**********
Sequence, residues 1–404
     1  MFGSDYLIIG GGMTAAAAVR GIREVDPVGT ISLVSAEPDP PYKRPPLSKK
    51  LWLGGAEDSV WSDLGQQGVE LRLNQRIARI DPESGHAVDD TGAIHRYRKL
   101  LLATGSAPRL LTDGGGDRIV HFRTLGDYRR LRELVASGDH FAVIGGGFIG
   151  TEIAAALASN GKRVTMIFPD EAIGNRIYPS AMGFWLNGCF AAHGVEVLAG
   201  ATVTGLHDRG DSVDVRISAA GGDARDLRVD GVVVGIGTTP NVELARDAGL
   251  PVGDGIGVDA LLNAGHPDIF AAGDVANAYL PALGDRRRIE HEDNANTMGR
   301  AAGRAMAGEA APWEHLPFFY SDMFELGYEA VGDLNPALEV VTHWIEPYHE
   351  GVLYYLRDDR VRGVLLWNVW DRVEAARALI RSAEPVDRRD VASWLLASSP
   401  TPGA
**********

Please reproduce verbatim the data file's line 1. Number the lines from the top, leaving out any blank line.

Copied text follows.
Sequence, residues 1–404